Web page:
Thanks to The Byrds, we’re all familiar with the biblical admonition that “to everything there is a season, and a time to every purpose under the heaven.” Less well known is a version of the Solomonic verse songwriter Pete Seeger did not borrow for his classic “Turn! Turn! Turn!,” which posits that there also is “a time to pluck up that which is planted.”
With AT&T’s $85.4 billion bid to buy Time Warner (Fortune parent Time Inc.’s former owner), it is quite clear we are in the season of plucking. Like no time in recent memory, the strong are buying the less strong. This is true across the economy, but particularly in technology. Verizon is gobbling up a diminished Yahoo. Salesforce, a voracious buyer, made a run at Twitter. Facebook has pursued a portfolio-theory approach to acquisitions. Stalwarts like IBM, Oracle, and SAP are reliable bidders when software competitors reach critical mass. Intel, growth in its mainstay business stalled, has been gobbling up competitors. A rejuvenated Microsoft, not historically the most skilled acquirer, stepped up big to buy LinkedIn.
Why now? Low interest rates make capital cheap. Technology leaders benefit from the two-pronged advantage of generous valuations and unprecedented piles of cash. Moreover, as David Gelles deftly notes in The New York Times, corporate leaders are confident in the economy as well as the status quo represented by a presumed Hillary Clinton presidency.
The sky is the limit for what comes next. Apple reportedly kicked the tires at Time Warner, an indication the tech giant once averse to megadeals could be ready to put its massive balance sheet to work. (Dreamers drool for an Apple purchase of Netflix or Tesla—or both.) According to keeping-up-with-the-Joneses theory, Disney needs a deal, despite having already bought every creative enterprise in sight. Analyst Rich Greenfield of BTIG thinks Comcast, devourer of NBC Universal, now needs a wireless operator to match AT&T. “Can Comcast really resist buying T-Mobile?” he wrote over the weekend.
Have a plucky week.
BITS AND BYTES
Get ready to pay more for Microsoft software in Britain. Businesses will see cloud services prices rise up to 22% after Jan. 1, a change that reflects the falling value of the pound after the country's decision to leave the European Union. Prices for traditional software licenses will go up around 13%. (Reuters)
Blockchain earns more mainstream validation. The technology that secures and logs Bitcoin cryptocurrency transactions was used to broker a cross-border shipment of cotton between the United States and China. Plus, Chain, an emerging blockchain system used by the likes of Visa, Nasdaq, Fidelity, Capital One, and Citigroup is opening up its software code to other companies. (Reuters, Fortune)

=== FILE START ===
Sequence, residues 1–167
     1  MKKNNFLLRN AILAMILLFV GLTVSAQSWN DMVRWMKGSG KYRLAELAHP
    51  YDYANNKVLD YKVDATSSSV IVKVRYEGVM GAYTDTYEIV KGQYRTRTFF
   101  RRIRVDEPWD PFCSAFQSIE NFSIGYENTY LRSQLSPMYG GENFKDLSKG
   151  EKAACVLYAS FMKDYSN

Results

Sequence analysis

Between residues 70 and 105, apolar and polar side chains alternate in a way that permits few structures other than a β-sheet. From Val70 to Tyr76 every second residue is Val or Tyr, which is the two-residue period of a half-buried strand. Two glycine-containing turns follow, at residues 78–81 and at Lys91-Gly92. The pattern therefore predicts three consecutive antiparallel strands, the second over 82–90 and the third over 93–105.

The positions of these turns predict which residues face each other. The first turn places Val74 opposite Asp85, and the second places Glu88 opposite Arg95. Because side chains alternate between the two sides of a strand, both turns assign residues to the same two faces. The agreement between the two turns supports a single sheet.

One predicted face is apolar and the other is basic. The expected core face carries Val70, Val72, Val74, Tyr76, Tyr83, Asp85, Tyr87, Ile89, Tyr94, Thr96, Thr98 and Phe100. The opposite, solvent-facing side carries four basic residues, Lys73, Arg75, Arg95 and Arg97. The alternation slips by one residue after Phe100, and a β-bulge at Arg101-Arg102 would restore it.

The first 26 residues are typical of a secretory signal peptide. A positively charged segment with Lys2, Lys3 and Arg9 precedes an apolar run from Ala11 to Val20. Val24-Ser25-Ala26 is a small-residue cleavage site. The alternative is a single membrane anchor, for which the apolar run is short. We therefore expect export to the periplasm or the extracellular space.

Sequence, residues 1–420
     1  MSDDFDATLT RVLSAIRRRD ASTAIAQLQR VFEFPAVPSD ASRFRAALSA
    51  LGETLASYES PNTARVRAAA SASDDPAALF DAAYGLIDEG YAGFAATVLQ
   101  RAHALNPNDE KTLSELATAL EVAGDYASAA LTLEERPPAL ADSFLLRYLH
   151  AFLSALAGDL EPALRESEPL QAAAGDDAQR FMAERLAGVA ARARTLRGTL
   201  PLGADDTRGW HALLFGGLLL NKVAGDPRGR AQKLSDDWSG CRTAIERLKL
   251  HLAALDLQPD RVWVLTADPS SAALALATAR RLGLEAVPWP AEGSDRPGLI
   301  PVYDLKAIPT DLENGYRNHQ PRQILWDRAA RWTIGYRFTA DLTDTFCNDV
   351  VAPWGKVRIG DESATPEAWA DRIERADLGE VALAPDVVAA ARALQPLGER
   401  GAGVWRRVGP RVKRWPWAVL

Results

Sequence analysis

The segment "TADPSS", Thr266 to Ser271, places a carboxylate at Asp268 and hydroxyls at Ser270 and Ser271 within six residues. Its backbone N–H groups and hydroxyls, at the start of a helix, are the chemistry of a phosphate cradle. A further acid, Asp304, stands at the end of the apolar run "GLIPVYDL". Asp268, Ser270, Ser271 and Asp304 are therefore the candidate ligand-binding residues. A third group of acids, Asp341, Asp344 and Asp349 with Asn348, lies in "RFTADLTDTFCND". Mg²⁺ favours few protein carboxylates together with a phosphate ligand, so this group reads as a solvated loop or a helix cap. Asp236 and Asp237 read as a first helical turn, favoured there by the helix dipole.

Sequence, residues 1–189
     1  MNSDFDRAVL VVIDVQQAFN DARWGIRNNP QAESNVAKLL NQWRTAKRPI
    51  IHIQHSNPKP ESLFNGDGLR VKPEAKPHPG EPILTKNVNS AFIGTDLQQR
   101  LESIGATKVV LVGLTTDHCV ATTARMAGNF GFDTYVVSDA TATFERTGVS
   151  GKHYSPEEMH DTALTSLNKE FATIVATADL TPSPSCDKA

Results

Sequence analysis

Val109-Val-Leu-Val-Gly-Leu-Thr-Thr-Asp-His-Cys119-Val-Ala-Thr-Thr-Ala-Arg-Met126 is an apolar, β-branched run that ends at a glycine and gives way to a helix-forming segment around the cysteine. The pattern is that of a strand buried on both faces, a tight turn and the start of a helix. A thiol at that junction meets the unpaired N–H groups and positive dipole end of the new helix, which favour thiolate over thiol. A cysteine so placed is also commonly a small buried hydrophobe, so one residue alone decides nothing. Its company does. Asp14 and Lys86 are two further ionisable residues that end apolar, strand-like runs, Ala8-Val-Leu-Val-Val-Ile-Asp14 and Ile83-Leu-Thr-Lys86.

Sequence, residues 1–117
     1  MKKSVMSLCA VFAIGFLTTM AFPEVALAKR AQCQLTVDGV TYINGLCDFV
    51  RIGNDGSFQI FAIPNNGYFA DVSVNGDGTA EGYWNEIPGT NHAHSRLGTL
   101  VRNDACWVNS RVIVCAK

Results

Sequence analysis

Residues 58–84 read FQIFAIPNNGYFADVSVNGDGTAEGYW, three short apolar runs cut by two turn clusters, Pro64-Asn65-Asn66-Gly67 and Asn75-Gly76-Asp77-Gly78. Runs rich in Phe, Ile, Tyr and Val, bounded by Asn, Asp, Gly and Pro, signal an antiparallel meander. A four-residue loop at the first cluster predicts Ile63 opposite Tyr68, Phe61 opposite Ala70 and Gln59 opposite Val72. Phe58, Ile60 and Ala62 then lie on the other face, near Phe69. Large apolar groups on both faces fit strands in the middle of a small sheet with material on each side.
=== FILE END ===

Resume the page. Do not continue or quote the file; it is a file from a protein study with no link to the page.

Attack of the webcams. Chinese firm Hangzhou Xiongmai Technology, which makes parts for surveillance cameras, is recalling some of products after linking them to the massive hack-attack that took down huge portions of the Internet last Friday. (Reuters, New York Times)
Advisory firm opposes ascension of Samsung's heir apparent. Sustinvest is advising shareholders to vote Thursday against the nomination of Vice Chairman Jay Y. Lee, who was nominated in September to replace his father, Lee Kun-hee. It believes he benefits too much from "inter-affiliate" transactions. (Bloomberg)
PEOPLE AND CULTURE
Co-founder of PC Magazine and Macworld dies at 69. David Bunnell, a journalist who started his career with little formal technical training, was an influential force in chronicling the early days of the personal computing industry. The cause was pancreatic cancer. (New York Times)
IN CASE YOU MISSED IT
AT&T's Time Warner Deal Comes at a Huge Cost, by Stephen Gandel
Facebook Says It Still Isn't a Media Company Despite Deciding What's Newsworthy, by Mathew Ingram
How Hackers Make Money from Denial of Service Attacks, by David Z. Morris
Apple Mac Speculation Heats Up as iPhone 7 Catches Fire, by Don Reisinger
Former Microsoft CEO Steve Ballmer Chimes in on Twitter and Satya Nadella, by Jonathan Vanian